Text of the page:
Scoping the OLBs

With Jason Taylor having moved on to the New York Jets, it now seems highly likely the Dolphins will be taking an outside linebacker early in the 2010 draft. But which one? There are a lot of candidates, among them several college defensive ends expected to make a position switch in the NFL. We break down the candidates.

JERMAINE CUNNINGHAM, FLORIDA — A defensive end for the Gators, Cunningham started 38 games in college. He was a second-team All-SEC selection in 2009 when he had seven sacks. He projects as a third- or fourth-round picks.THADDEUS GIBSON, OHIO STATE — Another former college defensive end, Gilbson earned second-team All-Big Ten honors last year. He had only 10 sacks in his three seasons at Ohio State. He's projected as a third-round pick.

BRANDON GRAHAM, MICHIGAN — The star of the Senior Bowl, Graham has drawn comparisons to former Michigan standout LaMarr Woodley, who played defensive end in college before being switched to outside linebacker by the Pittsburgh Steelers. Graham is a relentless pass rusher who recorded 8.5, 10 and 10.5 sacks the past three seasons. He could be an option at No. 12.

JERRY HUGHES, TCU — Often mentioned as one of the major risers in the draft, Hughes was a stud at TCU, where he was a consensus All-American the last two years. He's a speedy pass rusher who recorded 15 and 11.5 sacks the last two years. A possibility at No. 12 overall.

SERGIO KINDLE, TEXAS — Another defensive end, but this is one different because Kindle played linebacker before switching positions in 2009. He's a more complete linebacker than most on this list, but isn't as gifted as a pass rusher, although he did get 2.5 sacks in the national title game against Alabama. He could go anywhere from 12 to 27 in the first round.

KOA MISI, UTAH — He has been described as perhaps the most talented athlete ever to perform at Utah, which certainly wouldn't please Sean Smith. Misi lined up everywhere on the defensive line for the Utes, but his NFL future is as a 3-4 outside linebacker. He only had 10.5 sacks in three years at Utah, so his pass-rushing potential is uncertain. He probably figures to be a second-round pick.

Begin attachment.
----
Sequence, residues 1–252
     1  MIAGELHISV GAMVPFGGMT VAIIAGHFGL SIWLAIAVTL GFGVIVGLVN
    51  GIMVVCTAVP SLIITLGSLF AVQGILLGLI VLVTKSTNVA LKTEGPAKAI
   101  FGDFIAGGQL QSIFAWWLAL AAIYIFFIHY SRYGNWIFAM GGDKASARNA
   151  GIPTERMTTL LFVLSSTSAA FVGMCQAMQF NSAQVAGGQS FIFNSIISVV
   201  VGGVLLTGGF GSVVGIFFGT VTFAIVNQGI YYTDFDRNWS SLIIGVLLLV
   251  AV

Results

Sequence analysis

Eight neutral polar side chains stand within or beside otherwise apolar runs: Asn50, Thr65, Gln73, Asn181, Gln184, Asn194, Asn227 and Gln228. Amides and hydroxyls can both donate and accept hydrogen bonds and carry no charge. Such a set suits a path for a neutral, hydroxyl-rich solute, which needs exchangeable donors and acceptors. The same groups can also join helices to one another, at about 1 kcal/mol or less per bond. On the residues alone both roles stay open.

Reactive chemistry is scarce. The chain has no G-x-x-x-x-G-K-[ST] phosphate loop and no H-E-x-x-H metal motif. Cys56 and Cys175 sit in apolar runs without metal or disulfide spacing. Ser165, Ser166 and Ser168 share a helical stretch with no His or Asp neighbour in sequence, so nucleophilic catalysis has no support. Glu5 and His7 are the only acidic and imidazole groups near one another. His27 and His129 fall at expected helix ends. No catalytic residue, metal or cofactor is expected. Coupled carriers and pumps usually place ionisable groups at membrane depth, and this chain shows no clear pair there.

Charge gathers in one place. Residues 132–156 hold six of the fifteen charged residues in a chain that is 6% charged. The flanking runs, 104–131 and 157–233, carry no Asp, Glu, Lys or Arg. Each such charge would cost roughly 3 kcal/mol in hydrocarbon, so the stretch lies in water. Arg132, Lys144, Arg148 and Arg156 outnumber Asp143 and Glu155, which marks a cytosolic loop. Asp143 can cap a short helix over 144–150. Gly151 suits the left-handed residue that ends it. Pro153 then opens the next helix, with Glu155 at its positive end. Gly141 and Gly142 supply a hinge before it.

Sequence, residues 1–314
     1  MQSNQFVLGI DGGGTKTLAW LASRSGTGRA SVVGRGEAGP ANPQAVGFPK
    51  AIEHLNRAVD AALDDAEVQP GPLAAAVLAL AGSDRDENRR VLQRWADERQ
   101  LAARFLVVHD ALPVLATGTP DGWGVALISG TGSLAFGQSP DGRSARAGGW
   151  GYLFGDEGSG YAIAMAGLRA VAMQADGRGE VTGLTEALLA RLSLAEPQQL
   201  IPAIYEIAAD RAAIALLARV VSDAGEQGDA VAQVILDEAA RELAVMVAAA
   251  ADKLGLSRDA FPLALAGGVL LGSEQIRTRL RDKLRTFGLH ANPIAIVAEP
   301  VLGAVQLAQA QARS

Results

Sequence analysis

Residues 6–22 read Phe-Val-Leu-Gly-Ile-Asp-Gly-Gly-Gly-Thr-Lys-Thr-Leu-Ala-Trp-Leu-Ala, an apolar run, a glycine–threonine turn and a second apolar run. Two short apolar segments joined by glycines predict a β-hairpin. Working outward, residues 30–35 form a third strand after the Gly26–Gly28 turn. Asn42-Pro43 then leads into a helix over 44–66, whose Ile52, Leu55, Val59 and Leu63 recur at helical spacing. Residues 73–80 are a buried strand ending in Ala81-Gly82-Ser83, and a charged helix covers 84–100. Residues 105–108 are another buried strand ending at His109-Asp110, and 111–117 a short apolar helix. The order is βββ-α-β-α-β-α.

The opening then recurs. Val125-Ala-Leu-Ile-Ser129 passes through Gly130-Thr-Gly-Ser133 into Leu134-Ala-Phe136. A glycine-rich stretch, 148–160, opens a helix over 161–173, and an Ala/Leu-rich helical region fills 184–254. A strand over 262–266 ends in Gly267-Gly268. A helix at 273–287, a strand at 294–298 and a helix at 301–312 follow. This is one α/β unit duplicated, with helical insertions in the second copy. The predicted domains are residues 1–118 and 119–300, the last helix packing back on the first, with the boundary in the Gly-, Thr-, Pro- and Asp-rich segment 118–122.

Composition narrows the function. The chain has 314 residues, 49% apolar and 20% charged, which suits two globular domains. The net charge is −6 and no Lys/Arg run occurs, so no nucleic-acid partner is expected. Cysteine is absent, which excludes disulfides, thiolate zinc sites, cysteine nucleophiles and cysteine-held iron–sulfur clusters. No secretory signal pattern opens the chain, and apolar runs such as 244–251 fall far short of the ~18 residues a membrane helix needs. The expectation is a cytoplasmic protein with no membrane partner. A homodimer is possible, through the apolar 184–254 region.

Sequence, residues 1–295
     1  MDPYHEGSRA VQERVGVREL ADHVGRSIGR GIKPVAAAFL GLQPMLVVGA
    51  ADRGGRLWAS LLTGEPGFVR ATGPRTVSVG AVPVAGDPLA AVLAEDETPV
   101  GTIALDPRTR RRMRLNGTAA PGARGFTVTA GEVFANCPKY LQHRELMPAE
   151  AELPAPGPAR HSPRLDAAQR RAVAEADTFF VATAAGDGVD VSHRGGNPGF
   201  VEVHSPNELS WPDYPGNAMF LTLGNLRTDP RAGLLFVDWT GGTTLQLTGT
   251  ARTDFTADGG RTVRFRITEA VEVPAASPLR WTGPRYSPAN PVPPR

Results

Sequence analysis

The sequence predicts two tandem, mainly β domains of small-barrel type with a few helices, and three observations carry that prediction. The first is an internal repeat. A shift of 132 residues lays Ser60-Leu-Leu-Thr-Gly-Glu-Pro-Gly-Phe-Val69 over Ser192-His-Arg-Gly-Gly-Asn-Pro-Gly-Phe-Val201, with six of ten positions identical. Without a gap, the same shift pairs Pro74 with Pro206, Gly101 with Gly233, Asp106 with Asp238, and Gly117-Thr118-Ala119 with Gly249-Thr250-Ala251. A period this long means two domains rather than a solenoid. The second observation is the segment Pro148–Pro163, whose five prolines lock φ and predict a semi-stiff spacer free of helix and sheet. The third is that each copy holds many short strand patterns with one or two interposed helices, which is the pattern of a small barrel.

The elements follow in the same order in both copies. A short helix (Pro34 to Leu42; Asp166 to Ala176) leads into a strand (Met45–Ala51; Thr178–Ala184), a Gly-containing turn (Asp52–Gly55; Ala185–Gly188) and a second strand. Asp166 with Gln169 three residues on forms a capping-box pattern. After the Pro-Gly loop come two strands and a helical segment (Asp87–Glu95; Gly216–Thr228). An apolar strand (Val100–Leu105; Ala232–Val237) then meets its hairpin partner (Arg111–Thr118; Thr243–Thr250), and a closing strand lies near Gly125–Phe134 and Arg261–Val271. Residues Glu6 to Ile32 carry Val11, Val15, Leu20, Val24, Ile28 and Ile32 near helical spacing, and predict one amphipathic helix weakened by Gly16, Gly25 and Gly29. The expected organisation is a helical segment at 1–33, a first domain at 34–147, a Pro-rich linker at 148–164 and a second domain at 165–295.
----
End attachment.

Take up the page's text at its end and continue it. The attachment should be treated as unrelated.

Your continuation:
DERRICK MORGAN, GEORGIA TECH — He's been mentioned in some circles as a likely choice for the Dolphins as No. 12 if he's still on the board, but we're having a hard time believing that one. For one, he was a defensive end at Georgia Tech, which means he'll have to learn to cover or be used strictly as a pass rusher. In other words, he's another Cameron Wake. So why go with a duplicate? That said, Morgan is a great defensive end prospect, and we think he'll be gone by the 12th pick anyway.

JASON PIERRE-PAUL, SOUTH FLORIDA: Another player who has been mentioned in connection with the 12th pick, he makes even less than Morgan. In addition to the same issues as Morgan, he's not nearly as proven a commodity after playing only one year at USF. On top of that, he had only 6.5 sacks despite playing opposite proven pass-rushing defensive end George Selvie. Pierre-Paul is a guy who'll get drafted much earlier than he should because of his physical gifts but is a dangerous pick. In other words, he's a perfect pick for the Raiders.

RICKY SAPP, CLEMSON — Sapp was listed as a defensive end at Clemson, but he played a hybrid position much like a 3-4 OLB. Coming off a knee injury, Sapp didn't have a sensational senior season, although it was good enough to earn him second-team All-ACC honors. Sapp had 14 tackles for loss, including five sacks. He projects as a second-round pick.

JASON WORILDS, VIRGINIA TECH — Came out after his junior season. A second-team All-ACC selection last year as a defensive end after he recorded five sacks and 11.5 tackles for loss. Those numbers actually were down from the eight sacks and 18.5 tackles for loss he had in 2008. Worilds' stock has been fluctuating, but it's now believed he could get drafted as early as the second round.

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